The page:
DURHAM, North Carolina - The breach happened February 11. It wasn't reported until February 15. State investigators say, in all likelihood, they would have caught it had researchers followed protocol and reported the mistake right away.
Instead, state inspectors say the researcher who worked most closely with the sample of Uranium-235 mishandled it, perhaps without using the proper gloves, and wound up getting trace amounts on both his keyboard at work and his toilet at home.
Four other researchers had their homes, cars, and other "high traffic areas" tested after subsequent interviews but no further breaches were detected.
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Inspectors with the NC Radiation Protection Section of the Department of Health and Human Services say Duke University could face penalties for breaking protocol. No one from the school would answer questions about the incident, citing the ongoing investigation.
The I-Team obtained a report from the Nuclear Regulatory Commission that spells out part of what happened:
"This source was loaned to Duke University through Los Alamos National Laboratory for experimentation, research, education and calibration purposes. NCRPS personnel were dispatched to conduct a reactive inspection on 2/15/2017. Through interviews with Duke personnel, it was determined that during an experiment the source integrity was compromised and assumed to be leaking.
"It was also determined that the actual breach of the source occurred on 2/11/2017. Given the lapse of when the source was compromised and when Duke Radiation Safety Office was notified it is apparent that established Duke SOPs were not followed.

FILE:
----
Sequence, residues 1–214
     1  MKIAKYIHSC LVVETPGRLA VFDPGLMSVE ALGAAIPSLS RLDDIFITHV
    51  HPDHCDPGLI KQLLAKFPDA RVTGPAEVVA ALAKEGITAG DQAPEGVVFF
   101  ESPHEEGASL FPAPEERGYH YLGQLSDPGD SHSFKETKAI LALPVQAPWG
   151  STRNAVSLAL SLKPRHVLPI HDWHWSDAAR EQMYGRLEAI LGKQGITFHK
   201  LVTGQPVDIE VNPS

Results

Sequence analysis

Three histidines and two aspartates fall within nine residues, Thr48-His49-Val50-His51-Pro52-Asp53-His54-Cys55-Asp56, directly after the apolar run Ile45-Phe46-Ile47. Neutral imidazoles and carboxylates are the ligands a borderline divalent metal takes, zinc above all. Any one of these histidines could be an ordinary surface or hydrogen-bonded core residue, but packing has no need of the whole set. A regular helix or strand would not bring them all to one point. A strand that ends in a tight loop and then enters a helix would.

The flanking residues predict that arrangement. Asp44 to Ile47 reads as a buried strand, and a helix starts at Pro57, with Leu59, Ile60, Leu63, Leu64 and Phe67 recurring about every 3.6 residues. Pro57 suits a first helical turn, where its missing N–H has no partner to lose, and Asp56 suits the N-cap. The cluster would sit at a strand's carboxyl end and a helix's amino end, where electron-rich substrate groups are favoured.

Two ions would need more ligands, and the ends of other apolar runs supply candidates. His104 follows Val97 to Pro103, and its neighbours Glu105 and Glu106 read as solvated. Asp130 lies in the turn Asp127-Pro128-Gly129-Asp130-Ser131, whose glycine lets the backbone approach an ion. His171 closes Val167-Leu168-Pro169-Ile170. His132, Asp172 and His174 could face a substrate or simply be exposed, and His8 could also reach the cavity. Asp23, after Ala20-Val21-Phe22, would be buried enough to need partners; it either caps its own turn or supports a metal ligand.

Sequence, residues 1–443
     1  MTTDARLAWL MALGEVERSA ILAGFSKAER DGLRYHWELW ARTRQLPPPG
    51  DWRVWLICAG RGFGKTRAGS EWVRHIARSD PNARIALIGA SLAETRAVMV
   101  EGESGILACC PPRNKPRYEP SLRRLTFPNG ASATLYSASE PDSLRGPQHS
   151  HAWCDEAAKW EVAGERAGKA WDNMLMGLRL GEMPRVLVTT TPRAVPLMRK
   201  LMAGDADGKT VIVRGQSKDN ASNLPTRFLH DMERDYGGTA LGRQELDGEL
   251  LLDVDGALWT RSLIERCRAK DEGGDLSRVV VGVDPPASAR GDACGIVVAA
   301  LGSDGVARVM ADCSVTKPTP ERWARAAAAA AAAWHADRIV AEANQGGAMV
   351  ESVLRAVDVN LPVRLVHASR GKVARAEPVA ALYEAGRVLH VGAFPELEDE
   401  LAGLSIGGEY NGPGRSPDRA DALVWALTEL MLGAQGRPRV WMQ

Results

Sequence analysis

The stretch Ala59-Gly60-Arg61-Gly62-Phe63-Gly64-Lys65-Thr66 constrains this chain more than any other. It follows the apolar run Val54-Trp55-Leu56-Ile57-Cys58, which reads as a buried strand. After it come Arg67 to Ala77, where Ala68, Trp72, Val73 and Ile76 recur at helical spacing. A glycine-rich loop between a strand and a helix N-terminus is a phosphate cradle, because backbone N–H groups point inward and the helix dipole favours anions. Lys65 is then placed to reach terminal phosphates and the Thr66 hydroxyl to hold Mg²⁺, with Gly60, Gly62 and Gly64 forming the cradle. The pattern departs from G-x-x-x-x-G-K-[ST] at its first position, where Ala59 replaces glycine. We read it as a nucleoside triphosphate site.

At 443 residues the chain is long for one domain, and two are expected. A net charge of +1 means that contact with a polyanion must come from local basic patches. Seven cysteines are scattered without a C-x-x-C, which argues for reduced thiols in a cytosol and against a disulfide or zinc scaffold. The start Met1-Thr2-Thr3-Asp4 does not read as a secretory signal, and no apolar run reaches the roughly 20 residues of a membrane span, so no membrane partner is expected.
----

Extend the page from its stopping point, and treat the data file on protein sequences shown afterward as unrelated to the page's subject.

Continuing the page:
"Duke personnel and researchers believed to have been exposed to the leaking source had lung scans performed on 2/15/2017, in which all came back indicating no exposure. Duke personnel accompanied by NCRPS staff began testing for contamination of the affected area and surrounding areas due to the compromised source.
"On 2/16/2017, Duke personnel again notified NCRPS that contamination was discovered outside of the anticipated areas where contamination was suspected. On 2/16/2017, NCRPS personnel continued the reactive inspection. The scope to the surveys was expanded to now cover high traffic areas, vehicles of the individuals involved, bathrooms and other areas where potential contamination from the leaking source may have been in.
"For the identified personnel directly associated with the leaking source, surveys and wipes were expanded to their residences. One residence, that of a Duke Physicist Researcher, presented contamination on a toilet seat which was decontaminated and re-surveyed and re-wiped and the results confirmed the decontamination. Other areas of the residence were surveyed and at the time of this report all results indicate no further contamination.
"Additional researchers identified on 2/16/17 to have been involved with the leaking source, were also scheduled to have lung scans on 2/17/2017. Additionally, Duke University decided to compound testing to include urinalysis and possibly bloodwork at the advice of REACTS.
"At this time, it is believed that contamination due to the leaking source has been contained and no members of the public have received radiation exposures. To date, the highest reading in proximity to the source on Duke University's property was 7000 CPM and 4280 DPM."
State officials say the uranium in question was highly enriched but not deadly to humans, even if swallowed whole. The sample weighed 1.5 grams - about the diameter of a quarter with the thickness of about 3 sheets of tinfoil.
It came from Los Alamos National Laboratory and, according to the report, was being used for research and calibration purposes. Investigators say it was packaged to prevent contamination and then isolated for pending disposal.
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